ISSN 2398-2977      

Systemic inflammatory response syndrome


Synonym(s): SIRS, endotoxemia


  • A syndrome not a discrete disease with many initiating factors, both infectious and non-infectious.
  • A globalized, dysregulated systemic inflammatory of high intensity response to a variety of clinical insults which can lead to organ dysfunction and failure.
  • Often linked to infection and becomes sepsis.
  • Non-infectious causes include perinatal asphyxia syndrome   Perinatal asphyxia  , strangulating gastrointestinal lesions, eg strangulating lipoma, large colon volvulus.
  • May be associated with endotoxemia; endotoxemia is a specific form of SIRS caused by the presence of endotoxin (lipopolysaccharide, LPS).
  • Signs: hyperthermia or pyrexia, tachycardia, tachypnea.
  • Diagnosis: clinical signs, leukopenia or leukocytosis with a left shift (increased band cells).
  • Treatment: treat underlying condition.
  • Prognosis: guarded.



  • Inflammatory cascade is activated by infectious or non-infectious stimuli.
  • Initially protective, but becomes destructive.
  • Over production of pro-inflammatory mediators and under production of anti-inflammatory mediators.
  • A progressive process which can    →   multiple organ dysfunction progressing to organ failure.


  • Relate to the underlying cause, eg failure of passive transfer in neonates increases risk of SIRS and sepsis.


  • The mediators include:
    • Cytokines, eg tumor necrosis factor alpha (TNF-alpha) and interleukins (IL), particularly IL1 and IL6.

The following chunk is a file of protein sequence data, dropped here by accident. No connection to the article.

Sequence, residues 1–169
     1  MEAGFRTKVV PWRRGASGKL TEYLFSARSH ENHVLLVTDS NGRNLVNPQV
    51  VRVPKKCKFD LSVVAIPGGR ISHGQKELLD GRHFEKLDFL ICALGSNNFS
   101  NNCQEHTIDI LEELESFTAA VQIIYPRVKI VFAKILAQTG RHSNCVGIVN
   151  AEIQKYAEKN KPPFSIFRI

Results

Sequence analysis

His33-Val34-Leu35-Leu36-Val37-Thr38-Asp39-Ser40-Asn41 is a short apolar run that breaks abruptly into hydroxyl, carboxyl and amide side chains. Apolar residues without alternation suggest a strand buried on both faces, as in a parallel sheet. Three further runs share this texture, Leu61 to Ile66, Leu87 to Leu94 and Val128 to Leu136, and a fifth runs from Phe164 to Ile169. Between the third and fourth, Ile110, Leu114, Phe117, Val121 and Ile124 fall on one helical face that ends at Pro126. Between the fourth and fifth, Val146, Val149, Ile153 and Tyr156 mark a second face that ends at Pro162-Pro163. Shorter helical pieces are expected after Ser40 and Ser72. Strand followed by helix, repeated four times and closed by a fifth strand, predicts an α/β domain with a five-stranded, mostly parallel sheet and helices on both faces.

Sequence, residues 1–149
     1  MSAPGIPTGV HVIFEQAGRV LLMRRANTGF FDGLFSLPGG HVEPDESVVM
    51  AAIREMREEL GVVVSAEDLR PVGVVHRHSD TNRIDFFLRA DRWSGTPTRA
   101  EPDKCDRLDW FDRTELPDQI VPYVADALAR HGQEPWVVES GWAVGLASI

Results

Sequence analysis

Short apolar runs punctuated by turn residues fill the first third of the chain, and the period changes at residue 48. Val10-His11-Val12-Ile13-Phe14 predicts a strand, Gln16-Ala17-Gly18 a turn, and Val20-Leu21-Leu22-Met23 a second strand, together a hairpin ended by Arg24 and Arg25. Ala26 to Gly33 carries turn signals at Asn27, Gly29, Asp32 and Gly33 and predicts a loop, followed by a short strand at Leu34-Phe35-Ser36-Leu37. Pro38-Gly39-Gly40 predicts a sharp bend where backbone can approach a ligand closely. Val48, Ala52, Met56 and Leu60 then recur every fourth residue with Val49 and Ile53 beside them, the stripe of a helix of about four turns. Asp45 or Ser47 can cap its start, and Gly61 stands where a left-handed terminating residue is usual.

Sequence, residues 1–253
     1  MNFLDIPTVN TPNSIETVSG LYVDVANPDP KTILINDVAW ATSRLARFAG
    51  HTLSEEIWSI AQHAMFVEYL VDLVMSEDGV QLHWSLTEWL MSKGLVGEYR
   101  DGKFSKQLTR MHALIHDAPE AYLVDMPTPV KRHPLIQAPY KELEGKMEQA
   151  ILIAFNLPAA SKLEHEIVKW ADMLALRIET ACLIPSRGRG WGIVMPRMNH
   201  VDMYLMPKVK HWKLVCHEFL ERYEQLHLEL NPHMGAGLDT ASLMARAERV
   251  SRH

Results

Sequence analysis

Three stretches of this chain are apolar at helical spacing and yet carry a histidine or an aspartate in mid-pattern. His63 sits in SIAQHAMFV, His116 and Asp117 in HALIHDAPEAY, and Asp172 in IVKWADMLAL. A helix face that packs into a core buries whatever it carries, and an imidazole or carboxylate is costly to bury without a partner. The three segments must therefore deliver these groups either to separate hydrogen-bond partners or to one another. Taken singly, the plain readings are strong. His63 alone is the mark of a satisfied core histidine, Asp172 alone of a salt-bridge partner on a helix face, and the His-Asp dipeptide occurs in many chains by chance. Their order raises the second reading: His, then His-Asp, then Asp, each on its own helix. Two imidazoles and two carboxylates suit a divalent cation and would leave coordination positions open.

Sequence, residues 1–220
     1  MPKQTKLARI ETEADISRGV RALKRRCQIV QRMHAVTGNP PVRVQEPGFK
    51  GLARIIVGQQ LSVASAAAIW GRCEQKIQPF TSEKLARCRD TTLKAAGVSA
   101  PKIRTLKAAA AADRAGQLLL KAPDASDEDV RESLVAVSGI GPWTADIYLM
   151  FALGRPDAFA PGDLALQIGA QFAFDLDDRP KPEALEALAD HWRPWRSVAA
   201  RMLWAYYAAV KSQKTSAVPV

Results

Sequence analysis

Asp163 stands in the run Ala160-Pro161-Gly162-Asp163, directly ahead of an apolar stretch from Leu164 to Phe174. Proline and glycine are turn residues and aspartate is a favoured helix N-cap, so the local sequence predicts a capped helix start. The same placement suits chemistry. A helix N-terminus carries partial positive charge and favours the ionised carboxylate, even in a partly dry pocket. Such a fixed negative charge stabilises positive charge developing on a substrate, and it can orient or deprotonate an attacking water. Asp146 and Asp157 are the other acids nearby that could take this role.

• Platelet activating factor.
    • Lipid-derived mediators including prostaglandins, thromboxanes and leukotrienes.
    • Coagulation factors.
    • Reactive oxygen species.
  • Cytokines:
    • Soluble glycoproteins involved in specific immune responses and act as inflammatory mediators.
    • Circulating concentrations of certain cytokines, eg TNF-alpha and interleukins, have been shown to be linked with morbidity and mortality in SIRS cases.
    • Sepsis cases, ie those associated with infection will have more TNF-alpha released therefore more IL-6 and IL-8 released and this is associated with a higher fever.
  • Tissue injury occurs during inflammation:
    • The acute (initial) phase of inflammation caused by tissue injury or inflammation   →   complement activation and causes tissue macrophages, monocytes, mast cells, endothelial cells and platelets to release mediators, eg TNF-alpha and IL-1. These mediators have local and systemic effects which initiate several cascades. They are responsible for causing severe lung injury, hypotension, fever and release of stress hormones (norepinephrine, vasopressin, activation of the renin-angtiotensin-aldosterone system).